The Enhanced Community Quarantine eventually came to an end on May 31, 2020. However, this didn’t necessarily mean a return to normalcy. Metro Manila transitioned into General Community Quarantine (GCQ) on June 1, while other areas in the country were placed under GCQ or Modified GCQ (MGCQ) depending on the local situation. The Philippine government declared that public transport would resume in two phases, with new normal protocols including mandatory face mask-wearing and use of cashless payments.

As the transition to GCQ began and more businesses prepared to open up, Rappler reported that the country could soon see an intensification of the public transport crisis. In order to follow social distancing guidelines, transport in Metro Manila would have to be stretched beyond its limits.

The Metro Rail Transit 3 (MRT-3), one of the country’s busiest train lines, was set to operate at only 13% capacity due to new guidelines. Light Trail Transit (LRT) Lines 1 and 2 would only see around 160 passengers per trip. Additionally, the Philippine National Railway (PNR) connecting other areas in Luzon to the Metro would only serve 500 people in its 3 to 4-car trains.

Other modes of transportation saw similar reductions in capacity. Buses, Public Utility Vehicles (PUVs), and Public Utility Jeepneys (PUJs) were instructed to operate at less than 50% capacity. UV Express shuttles were permitted to operate only if they served up to 9 passengers per trip, while jeepneys could only serve around 10 passengers per trip, or half their capacity.

Reporting by CNN Philippines revealed that 90 buses employed for MRT augmentation would only have four pick-up and drop-off points along EDSA, the capital’s major thoroughfare. Taxis and P2P buses were also allowed under certain restrictions, as well as operations such as GrabCar.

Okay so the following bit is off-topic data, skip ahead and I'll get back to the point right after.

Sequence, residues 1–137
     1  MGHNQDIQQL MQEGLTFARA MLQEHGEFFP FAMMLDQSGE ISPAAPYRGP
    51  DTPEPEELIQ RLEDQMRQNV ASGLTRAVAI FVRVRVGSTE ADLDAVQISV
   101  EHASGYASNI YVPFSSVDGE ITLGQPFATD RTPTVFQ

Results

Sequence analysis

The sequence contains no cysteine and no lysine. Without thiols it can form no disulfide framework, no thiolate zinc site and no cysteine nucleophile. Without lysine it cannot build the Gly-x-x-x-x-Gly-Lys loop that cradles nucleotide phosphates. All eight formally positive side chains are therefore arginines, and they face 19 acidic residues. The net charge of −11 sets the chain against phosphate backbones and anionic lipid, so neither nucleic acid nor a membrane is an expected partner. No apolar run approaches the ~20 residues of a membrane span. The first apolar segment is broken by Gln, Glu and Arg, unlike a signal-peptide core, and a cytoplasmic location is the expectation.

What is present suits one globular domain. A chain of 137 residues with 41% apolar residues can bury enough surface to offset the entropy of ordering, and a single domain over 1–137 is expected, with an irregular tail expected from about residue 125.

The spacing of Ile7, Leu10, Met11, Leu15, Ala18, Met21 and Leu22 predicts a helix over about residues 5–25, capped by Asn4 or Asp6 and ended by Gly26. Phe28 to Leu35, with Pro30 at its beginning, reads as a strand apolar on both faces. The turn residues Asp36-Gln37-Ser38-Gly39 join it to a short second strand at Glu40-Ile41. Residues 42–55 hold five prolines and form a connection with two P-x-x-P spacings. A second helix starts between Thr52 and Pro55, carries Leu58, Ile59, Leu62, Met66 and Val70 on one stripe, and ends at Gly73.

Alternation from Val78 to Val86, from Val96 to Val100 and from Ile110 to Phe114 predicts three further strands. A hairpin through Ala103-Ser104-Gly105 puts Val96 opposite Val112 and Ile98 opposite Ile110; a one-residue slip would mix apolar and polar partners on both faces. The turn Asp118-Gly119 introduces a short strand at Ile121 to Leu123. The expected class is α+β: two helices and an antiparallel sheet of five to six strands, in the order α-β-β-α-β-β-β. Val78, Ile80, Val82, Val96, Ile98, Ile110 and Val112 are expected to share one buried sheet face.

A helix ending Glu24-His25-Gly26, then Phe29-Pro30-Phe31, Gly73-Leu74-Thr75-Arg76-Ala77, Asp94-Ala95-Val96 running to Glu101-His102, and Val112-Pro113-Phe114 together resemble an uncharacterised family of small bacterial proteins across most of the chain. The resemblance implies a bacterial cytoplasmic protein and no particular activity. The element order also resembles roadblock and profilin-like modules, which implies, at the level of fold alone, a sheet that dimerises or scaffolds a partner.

However, despite relaxed restrictions the public transport situation in the Metro is far from adequate. Perhaps the most tragic example of this inadequacy is the death of single mother Michelle Silvertino, who passed away after waiting several days for a bus to take her to her home province. While an extreme case, Silvertino’s death is only one of the many consequences of a failing transport system.

Still, Filipinos have been forced to turn to other options for transport. The GCQ has seen an increased use of bicycles, which the Department of Interior and Local Government (DILG) permits only on secondary roads and not on national highways. In order to accommodate this growing sector, the Department of Transport (DOTr) has begun installing bike racks at major train stations across the Metro.

While the Philippine government has declared a transition to the new normal, this new normal has presented the Filipino transport sector with new dilemmas. Following health and safety protocols has led to a reduced capacity and stranded commuters. As the rest of the world begins moving into a post-COVID-19 era, it remains to be seen whether the transport industry in the Philippines will manage to catch up, or fall behind.